Nobody will pay you more for cleaner air directly

Tuesday, September 28th, 2021

Alex Tabarrok finds it puzzling that there isn’t more attention given to air filtration and UV light disinfection in hospitals, since these techniques have been shown to kill superbugs:

The authors installed portable air filters with UV disinfection on two COVID hospital wards in the UK. The air was tested for viruses, bacteria and fungi before the filters were turned on, during the time the filters were on and then again after the filters were turned off.

The results:

Airborne SARS-CoV-2 was detected in the ward on all five days before activation of air/UV filtration, but on none of the five days when the air/UV filter was operational; SARS-CoV-2 was again detected on four out of five days when the filter was off.

Importantly, in addition to greatly reducing SARS-CoV-2 the portable filters and UV light also greatly reduced multiple viral, bacterial, and fungal pathogens.

A commenter explains why this hasn’t become common practice already:

The main regulation rests largely on ASHRAE 170-2017. That in turn has been addended over a dozen times since the pandemic began. We have done things to change how air is handled in light of these and the more direct regulators (e.g. the Joint Commission) are adapting.

But it is not trivial to do all of this. Some hospitals have ductwork that is over a 100 years old. Adding in UV creates problems for reactive species in the air. And then there is the problem that any refits (e.g. to handle higher pressures/volumes) often means opening up the ceilings inside the ICUs or going through the floor in the the floor above. These are highly disruptive activities at the best of times. When you are (or may soon) be at or above bed capacity, well not the best time to bring in a small legion of contractors to close large areas of the hospital.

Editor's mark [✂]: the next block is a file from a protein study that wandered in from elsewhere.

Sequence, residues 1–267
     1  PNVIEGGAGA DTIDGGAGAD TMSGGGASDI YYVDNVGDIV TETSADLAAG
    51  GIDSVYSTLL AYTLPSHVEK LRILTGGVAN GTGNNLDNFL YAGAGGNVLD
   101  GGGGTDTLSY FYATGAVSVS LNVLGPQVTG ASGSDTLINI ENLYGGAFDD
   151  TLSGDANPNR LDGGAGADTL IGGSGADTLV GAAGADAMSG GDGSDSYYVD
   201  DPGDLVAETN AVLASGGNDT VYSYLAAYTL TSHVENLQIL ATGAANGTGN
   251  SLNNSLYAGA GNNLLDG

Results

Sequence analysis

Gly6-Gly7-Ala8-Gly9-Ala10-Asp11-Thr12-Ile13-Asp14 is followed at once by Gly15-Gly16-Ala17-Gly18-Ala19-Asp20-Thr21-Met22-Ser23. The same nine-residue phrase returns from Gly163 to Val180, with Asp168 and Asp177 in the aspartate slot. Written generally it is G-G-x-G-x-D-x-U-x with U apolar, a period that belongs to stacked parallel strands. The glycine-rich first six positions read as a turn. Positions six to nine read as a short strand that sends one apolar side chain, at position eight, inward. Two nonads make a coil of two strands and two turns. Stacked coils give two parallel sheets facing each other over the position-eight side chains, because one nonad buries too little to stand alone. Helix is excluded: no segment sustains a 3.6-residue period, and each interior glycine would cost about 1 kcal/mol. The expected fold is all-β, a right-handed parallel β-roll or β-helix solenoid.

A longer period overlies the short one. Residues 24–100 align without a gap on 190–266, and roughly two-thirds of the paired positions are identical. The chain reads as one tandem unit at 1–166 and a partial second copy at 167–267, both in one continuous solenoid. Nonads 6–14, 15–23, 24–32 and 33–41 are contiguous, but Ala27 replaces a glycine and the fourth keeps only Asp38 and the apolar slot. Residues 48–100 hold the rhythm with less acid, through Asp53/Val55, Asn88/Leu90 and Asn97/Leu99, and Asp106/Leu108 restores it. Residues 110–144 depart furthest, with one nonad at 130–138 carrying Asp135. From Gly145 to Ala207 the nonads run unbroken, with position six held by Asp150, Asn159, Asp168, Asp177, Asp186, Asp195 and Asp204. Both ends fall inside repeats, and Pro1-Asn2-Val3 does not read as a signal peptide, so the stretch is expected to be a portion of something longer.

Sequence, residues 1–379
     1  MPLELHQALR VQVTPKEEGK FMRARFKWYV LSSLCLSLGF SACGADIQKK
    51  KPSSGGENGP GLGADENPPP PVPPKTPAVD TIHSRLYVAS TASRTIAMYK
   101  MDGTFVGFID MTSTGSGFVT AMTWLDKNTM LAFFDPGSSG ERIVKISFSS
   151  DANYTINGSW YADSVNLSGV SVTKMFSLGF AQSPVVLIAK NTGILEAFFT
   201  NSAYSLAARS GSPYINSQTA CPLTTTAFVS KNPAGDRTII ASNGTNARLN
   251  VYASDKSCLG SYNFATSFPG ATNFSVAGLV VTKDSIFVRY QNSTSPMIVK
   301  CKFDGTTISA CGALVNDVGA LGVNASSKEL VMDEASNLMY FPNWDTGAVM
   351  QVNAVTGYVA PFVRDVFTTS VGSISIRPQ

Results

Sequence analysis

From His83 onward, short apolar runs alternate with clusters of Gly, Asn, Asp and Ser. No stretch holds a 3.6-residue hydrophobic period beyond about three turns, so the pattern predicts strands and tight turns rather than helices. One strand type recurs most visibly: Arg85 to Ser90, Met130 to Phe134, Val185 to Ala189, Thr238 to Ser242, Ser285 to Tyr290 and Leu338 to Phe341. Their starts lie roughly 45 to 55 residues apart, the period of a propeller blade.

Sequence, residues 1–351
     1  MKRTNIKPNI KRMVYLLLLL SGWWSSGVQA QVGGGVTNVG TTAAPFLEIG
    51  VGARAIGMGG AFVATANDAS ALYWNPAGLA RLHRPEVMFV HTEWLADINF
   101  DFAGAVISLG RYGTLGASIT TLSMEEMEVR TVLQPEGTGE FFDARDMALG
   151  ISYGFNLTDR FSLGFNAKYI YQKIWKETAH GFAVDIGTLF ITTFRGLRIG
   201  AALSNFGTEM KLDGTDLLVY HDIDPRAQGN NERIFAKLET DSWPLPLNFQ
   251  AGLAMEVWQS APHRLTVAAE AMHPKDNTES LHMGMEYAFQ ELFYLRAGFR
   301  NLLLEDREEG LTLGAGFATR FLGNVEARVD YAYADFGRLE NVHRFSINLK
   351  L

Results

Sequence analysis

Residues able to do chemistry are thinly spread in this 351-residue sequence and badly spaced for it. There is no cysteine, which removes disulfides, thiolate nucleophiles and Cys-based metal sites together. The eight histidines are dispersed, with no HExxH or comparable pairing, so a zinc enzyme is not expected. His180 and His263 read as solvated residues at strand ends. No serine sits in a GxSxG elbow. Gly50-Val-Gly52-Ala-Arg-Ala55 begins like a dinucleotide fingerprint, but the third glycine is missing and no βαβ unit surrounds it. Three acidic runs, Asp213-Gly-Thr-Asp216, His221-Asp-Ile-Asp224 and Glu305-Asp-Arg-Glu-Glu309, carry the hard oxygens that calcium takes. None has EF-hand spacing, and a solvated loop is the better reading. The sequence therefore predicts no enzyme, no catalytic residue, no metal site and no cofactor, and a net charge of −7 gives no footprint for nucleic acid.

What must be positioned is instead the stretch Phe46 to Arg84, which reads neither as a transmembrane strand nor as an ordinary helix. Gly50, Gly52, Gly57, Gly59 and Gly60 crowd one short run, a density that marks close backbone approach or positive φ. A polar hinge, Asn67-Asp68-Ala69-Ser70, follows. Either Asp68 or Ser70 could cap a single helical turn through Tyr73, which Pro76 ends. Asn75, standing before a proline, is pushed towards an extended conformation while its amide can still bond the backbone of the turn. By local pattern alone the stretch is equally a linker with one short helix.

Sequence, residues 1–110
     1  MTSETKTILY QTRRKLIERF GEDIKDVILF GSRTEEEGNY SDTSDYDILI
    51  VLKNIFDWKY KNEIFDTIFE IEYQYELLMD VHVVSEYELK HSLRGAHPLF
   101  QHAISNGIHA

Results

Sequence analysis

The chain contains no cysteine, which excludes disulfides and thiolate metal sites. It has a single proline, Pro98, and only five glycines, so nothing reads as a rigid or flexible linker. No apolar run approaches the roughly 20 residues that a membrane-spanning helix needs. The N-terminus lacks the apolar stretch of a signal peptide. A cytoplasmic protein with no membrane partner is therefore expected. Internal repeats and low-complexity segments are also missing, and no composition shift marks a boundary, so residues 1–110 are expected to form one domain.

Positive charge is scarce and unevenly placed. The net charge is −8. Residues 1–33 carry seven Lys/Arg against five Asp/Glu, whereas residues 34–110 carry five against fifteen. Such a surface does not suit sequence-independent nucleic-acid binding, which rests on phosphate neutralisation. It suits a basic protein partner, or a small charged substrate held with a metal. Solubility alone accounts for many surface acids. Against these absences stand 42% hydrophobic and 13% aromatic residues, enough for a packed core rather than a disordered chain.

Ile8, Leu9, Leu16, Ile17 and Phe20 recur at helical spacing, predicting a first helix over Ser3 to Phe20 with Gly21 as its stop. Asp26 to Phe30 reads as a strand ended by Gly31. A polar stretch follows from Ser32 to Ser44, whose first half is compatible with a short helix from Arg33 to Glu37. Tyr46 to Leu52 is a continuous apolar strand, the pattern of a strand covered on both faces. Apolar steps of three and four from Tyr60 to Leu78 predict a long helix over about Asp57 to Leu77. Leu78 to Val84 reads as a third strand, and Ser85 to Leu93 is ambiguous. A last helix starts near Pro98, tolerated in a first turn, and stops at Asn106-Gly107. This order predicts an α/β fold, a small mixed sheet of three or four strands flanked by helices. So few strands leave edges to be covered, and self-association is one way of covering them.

Then, yes, money is a huge thing. Funny thing is, nobody will pay you more for cleaner air directly. You might be able to eke out some sort of capital return through fewer nosocomial infections or uncharged readmissions, but those are speculative returns at this point and pretty long run things when, again, right now beds in many places are still exceptionally highly utilized. Worse, when you do open up the tubes and start mucking around there is a very high risk that you will disturb some collection of spores that has found some dark corner to accumulate in over the last few decades. When you have a bunch folks who already have respiratory compromise, this is a particularly bad time to risk that sort of contamination.

So faced with high upfront costs, a strong litigation risk, and remote cost savings, this is not a priority right now. If you want a massive overhaul of the air system right now it is going to need liability waivers and giveaways to the AHA crowd. A slower roll out via changes in ASHRAE and the like is already underway, but I figure it will be over a decade before everyone updates.


  1. Sam J. says:

    Ding, ding, portable filters with UV lights. I have one of these. It’s very small but it works over time, The air seems much better in my bedroom where I keep it.

    I have a fairly industrial ionizer also. Yikes I’ve turned it up too much before and caused problems. So you have to be careful. On the other hand if you crank that thing up wide open then leave the room until it saturates the whole room. Let it air out for a good while it really cleans the air up.

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